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A simple introduction about Canada

In size, Canada is the second largest country on earth. In terms of economic power, it is a member of the Big seven, the world’s leading industrial nations, ranking along with the United States, France, the United Kingdom, Italy, Germany and Japan. Canada plays an active role in international affairs, often taking part in peacekeeping and humanitarian missions and spearheading aid and development programs. Its scenery of mountains, oceans, forests and prairies is spectacular. It has a lively and rich culture, with many world famous actors, pop stars and writers. In annual “quality of life” surveys produced by the United Nation each year, Canada regularly is rated as having the best standard of living in the world because of its health care, education, clean environment, social welfare and so on.

In contrast to its physical size, economic power and international prestige, Canada’s population is very small. The current population is a little more than 30 million—about the same as two Beijing cities! This paradox of having a small number of people in a very large, resource-rich area gives rise to some of the misleading perceptions people have about Canada.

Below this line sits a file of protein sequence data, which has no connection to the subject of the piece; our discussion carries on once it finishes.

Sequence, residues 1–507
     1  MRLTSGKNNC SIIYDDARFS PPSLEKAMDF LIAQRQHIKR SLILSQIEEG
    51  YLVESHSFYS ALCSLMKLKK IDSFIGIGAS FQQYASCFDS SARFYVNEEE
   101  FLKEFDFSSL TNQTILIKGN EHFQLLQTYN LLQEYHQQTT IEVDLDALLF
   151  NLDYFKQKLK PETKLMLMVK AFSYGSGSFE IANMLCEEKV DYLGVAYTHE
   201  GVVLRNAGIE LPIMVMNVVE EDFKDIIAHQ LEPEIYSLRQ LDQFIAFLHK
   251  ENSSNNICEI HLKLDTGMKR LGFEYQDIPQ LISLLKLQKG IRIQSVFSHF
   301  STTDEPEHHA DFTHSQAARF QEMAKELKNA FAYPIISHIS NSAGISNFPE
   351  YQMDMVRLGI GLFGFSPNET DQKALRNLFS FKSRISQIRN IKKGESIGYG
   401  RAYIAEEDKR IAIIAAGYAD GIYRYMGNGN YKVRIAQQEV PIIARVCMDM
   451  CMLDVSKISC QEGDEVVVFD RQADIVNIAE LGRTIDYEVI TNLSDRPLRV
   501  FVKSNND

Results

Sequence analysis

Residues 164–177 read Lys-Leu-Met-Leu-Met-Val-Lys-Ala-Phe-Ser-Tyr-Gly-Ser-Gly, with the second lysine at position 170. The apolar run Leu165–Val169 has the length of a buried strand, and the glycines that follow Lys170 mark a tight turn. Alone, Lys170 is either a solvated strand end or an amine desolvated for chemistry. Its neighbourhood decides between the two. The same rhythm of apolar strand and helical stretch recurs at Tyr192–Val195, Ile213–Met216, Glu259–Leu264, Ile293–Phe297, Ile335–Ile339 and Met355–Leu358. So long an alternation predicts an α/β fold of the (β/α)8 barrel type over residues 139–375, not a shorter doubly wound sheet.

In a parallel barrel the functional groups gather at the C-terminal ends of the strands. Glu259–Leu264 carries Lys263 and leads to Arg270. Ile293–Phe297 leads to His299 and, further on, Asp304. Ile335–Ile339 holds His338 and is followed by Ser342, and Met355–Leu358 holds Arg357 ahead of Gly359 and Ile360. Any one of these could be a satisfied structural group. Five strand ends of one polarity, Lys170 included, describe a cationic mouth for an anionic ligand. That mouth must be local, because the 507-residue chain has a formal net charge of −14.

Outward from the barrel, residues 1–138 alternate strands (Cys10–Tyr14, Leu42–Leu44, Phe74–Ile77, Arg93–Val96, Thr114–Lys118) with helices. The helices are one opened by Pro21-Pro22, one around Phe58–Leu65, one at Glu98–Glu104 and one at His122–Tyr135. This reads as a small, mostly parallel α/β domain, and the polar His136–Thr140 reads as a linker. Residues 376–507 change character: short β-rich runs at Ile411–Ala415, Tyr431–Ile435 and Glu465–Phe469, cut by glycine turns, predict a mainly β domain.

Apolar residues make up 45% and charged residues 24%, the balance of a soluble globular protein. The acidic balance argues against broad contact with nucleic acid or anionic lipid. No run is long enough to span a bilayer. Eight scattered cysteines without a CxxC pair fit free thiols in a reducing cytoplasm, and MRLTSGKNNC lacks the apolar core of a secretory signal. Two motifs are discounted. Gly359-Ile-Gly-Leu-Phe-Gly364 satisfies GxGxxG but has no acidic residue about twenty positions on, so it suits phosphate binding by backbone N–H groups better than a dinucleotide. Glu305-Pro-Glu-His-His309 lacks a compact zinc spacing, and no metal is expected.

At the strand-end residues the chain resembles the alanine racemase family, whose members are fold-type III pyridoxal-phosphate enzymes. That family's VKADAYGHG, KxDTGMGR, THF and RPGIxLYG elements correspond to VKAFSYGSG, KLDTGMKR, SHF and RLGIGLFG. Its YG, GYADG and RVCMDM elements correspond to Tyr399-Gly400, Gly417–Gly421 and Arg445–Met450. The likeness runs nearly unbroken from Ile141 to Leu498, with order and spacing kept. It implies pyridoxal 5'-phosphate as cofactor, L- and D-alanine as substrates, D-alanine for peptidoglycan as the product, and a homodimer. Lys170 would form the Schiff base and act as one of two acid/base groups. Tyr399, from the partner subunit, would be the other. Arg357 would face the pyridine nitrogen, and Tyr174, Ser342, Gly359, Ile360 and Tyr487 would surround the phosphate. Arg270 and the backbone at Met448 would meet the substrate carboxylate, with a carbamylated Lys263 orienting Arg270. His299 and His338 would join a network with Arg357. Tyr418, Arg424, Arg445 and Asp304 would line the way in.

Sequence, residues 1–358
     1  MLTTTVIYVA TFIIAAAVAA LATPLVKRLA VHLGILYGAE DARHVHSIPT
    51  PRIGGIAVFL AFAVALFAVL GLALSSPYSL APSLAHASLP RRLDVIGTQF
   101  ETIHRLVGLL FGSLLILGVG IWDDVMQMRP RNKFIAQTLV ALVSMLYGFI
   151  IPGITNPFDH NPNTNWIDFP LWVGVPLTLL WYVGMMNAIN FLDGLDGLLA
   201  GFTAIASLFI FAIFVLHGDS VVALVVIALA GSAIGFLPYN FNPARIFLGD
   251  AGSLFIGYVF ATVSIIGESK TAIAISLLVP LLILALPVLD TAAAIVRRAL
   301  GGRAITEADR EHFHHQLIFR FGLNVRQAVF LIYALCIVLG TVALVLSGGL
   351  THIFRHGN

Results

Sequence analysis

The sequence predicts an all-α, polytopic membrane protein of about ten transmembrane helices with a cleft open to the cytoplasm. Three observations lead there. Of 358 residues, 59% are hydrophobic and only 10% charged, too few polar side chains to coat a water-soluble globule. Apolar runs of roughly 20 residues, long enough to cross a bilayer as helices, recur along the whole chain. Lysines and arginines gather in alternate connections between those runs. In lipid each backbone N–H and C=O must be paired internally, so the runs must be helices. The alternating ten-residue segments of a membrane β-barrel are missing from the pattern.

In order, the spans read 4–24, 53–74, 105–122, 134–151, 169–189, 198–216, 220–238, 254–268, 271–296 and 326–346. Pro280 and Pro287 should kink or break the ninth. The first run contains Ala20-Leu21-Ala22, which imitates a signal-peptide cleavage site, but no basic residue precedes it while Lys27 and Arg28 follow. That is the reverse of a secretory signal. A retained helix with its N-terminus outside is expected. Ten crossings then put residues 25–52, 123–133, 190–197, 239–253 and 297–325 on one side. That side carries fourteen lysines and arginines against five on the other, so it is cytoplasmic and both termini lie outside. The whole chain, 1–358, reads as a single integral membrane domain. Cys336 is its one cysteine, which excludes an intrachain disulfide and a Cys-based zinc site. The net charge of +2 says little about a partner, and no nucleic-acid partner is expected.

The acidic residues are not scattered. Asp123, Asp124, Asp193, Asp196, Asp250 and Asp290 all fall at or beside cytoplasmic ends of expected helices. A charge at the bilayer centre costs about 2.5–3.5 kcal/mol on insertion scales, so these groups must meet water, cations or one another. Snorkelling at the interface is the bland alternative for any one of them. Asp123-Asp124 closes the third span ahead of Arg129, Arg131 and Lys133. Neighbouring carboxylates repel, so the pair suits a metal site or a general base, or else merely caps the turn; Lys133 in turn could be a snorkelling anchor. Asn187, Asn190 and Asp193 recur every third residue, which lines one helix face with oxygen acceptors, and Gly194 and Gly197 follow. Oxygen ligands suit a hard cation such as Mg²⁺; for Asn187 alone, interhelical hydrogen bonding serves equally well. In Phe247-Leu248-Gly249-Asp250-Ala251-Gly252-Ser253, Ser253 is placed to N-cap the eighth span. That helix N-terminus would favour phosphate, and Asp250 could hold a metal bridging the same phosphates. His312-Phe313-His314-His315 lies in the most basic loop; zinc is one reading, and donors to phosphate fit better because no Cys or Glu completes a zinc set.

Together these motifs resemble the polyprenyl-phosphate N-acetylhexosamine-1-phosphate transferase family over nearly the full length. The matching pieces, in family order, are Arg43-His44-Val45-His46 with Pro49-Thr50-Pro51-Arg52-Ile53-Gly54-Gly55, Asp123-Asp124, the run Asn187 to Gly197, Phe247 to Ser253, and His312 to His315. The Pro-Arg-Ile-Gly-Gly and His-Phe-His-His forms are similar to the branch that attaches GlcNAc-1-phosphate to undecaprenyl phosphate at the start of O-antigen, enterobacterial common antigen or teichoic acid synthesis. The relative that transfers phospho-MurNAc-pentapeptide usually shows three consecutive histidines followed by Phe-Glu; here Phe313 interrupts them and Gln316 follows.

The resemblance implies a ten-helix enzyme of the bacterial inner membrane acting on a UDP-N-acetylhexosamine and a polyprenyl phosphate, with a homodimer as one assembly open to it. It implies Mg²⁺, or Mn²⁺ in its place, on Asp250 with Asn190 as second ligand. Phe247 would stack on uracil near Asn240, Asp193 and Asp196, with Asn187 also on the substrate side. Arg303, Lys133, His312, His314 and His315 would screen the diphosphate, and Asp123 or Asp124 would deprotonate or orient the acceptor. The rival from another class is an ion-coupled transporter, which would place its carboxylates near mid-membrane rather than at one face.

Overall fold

Most people do not know very much about Canada. Mention the country and usually one of two images will spring to mind. On the one hand, you might picture a sparsely populated, frozen country where people live in igloos, eat fish, hunt bears and constantly endure snow and cold. On the other, you might think Canada is a country that is ”just like America.” Even Americans are inclined to think of Canada as the 51st state, a part of America that through some quirk of history is not one (or more) of the United States states.

It is easy to understand how such misleading impressions of Canada have become engrained. It is true that most of Canada lies very far north. Large tracts of the country are wild, virtually unpopulated Arctic tundra, full of dangerous animals and freezing temperatures. But most Canadians live in the south of the country, along the 49th parallel: about 90 per cent of the population is estimated to live within a few hundred kilometers of the Canadian-Americans border, in an climate that is much less extreme.

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